And that’s the rub with parenting styles like the Russons’ or Wilder’s. Just as the parents came to their views through their own experiences and then tried to teach it as established truth, the Dinas study shows how quickly that teaching can be set aside when the children have strong political awakenings of their own.
Just ask Jacqueline Church Simonds, whose relationship with her conservative parents became strained by her own increasingly liberal views when she reached her twenties. Simonds’ parents grew up in moneyed, conservative southern Missouri households, and they believed that anyone who did not agree with their beliefs were Communists intent on destroying America.
For Simonds, 55 and now a publishing consultant, there was no point in questioning the political ideology of her parents; she simply accepted it as truth.
“They were my parents,” she says. “There was always talk about how the country was going to hell and the ‘negroes’ were going to take over the streets. They feared and distrusted anyone not white or wealthy .... When Nixon resigned, I watched every second. My mother informed me the country had just ended.”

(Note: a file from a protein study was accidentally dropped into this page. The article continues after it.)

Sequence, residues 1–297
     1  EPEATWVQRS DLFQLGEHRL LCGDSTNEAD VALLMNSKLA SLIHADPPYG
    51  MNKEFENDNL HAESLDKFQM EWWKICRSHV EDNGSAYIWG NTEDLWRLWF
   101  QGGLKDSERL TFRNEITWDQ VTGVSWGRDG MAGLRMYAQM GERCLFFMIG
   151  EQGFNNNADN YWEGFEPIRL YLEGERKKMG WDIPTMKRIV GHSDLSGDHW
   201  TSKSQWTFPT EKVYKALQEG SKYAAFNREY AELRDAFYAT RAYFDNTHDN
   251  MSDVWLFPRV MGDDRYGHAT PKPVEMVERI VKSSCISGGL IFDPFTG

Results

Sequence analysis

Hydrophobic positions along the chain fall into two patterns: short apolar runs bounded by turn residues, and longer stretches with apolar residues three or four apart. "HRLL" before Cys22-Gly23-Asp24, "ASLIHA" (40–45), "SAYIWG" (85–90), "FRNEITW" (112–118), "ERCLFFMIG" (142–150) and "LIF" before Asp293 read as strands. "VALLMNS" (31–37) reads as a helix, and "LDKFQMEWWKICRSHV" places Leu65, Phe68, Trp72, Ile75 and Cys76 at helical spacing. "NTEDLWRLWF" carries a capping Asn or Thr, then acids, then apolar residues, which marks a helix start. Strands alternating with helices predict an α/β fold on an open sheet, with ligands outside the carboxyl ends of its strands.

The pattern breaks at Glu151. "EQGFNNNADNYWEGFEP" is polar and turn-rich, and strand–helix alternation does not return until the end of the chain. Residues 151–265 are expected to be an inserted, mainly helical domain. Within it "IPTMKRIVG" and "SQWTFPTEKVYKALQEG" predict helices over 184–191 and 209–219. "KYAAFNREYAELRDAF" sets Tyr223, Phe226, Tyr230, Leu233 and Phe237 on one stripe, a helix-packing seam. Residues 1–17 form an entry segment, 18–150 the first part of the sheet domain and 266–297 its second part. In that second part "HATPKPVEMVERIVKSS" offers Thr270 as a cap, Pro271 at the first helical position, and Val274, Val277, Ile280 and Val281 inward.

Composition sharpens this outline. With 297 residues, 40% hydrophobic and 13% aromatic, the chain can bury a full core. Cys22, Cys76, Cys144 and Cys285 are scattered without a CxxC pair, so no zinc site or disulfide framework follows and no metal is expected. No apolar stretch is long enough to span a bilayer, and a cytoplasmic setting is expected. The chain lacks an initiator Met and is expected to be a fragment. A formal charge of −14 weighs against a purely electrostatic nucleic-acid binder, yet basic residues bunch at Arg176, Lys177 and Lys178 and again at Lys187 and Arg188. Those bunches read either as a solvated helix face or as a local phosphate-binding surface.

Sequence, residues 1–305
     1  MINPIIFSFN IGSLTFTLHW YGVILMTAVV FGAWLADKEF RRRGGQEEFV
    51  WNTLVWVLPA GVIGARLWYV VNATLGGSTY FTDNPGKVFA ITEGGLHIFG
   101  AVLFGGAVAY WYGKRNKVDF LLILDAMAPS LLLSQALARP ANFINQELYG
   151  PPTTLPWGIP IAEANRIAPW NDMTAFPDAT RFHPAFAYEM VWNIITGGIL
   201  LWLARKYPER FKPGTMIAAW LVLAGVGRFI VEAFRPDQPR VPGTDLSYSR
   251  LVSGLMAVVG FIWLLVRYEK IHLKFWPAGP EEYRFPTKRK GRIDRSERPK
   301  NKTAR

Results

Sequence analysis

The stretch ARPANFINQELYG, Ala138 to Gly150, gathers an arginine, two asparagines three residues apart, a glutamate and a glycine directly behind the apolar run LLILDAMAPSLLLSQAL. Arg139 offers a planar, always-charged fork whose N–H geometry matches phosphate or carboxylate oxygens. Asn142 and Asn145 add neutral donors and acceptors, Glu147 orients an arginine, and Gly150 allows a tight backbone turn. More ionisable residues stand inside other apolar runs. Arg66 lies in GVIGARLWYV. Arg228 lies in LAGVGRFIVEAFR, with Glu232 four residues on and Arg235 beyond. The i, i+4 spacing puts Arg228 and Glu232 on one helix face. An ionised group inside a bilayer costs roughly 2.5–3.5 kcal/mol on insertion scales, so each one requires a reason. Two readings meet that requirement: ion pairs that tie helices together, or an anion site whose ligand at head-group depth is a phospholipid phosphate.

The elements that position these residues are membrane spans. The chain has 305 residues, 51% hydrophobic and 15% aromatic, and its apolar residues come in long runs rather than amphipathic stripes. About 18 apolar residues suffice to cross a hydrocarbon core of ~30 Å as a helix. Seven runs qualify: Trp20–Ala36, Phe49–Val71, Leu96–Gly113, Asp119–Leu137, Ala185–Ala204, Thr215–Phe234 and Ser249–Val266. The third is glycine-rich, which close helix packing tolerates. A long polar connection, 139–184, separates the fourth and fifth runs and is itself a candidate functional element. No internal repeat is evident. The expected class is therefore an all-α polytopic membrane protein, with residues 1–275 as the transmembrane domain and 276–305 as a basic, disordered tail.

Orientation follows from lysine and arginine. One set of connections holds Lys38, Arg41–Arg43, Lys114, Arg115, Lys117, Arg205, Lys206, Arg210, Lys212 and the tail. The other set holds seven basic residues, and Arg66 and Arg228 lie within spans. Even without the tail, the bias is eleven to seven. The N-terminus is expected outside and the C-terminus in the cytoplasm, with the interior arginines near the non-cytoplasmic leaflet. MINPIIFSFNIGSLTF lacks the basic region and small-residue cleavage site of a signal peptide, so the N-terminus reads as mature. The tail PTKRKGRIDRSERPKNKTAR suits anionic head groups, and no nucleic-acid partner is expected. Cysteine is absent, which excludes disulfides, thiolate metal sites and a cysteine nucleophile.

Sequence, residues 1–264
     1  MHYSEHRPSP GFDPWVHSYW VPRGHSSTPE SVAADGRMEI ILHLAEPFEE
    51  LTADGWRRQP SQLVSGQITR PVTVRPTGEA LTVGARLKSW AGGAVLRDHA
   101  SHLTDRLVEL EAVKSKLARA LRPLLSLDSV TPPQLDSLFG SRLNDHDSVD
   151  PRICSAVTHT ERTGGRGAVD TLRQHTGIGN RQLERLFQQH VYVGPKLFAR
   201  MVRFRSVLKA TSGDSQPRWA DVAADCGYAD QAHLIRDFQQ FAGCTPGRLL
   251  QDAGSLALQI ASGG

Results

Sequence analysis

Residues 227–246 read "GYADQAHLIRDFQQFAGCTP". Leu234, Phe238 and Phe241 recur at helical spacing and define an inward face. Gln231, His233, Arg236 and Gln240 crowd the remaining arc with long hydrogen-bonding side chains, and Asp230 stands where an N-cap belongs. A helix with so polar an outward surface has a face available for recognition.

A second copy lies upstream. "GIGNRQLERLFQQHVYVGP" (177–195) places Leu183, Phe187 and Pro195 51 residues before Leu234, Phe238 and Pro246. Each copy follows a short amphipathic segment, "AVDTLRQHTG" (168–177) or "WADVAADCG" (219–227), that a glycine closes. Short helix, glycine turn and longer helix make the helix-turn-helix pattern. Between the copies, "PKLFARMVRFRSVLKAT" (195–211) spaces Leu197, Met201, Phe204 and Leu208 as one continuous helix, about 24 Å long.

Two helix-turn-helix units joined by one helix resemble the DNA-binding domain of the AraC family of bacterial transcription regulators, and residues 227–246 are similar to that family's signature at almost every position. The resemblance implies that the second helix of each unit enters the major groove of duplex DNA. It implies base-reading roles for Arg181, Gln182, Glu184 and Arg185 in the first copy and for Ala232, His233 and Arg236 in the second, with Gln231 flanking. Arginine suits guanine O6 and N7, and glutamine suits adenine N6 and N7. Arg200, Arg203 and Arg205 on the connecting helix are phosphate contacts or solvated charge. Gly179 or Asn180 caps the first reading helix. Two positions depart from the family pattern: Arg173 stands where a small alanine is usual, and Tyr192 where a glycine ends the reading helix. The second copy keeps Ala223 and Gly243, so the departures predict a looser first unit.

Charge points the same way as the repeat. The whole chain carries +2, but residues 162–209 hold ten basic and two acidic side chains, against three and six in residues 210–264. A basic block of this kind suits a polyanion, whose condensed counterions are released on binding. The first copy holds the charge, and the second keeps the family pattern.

But when her mother directed her to vote for a senator who had publicly opposed a woman’s right to choose, Simonds refused to use her vote to appease her mother. “I couldn't vote for him if he didn't respect my rights so I told her that, and she dismissed my concerns, saying, ‘That’s something they say to get votes,” Simonds recalls.
By 1988 Simonds was voting straight Democratic tickets, and her parents viewed her as the agitator and disturber of the peace of her family. Her parents blamed her husband, an East Coast liberal, for her political conversion but Simonds wouldn’t allow him to be the scapegoat for her change in mentality.
“That’s not what changed me,” Simonds says. “The increasing hatriotism—bigotry, anti-women, anti-poor—of the right changed me.”
It has been more than a decade since Simonds has mentioned politics around her parents. Even when news of President Obama’s first election landed her father in the cardiac ward, no one spoke a word. Because her parents held her to such an unyielding standard, she now offers herself much more wiggle room to try out different beliefs. Being pushed in one direction made her push back and in the tussle she found a balance, she says.
So what if parents decided not to influence their children at all? Without an expressed standard to rebel or measure their identity against, would the children of parents who foster a politically indifferent home develop a passion for politics or grow to hate it?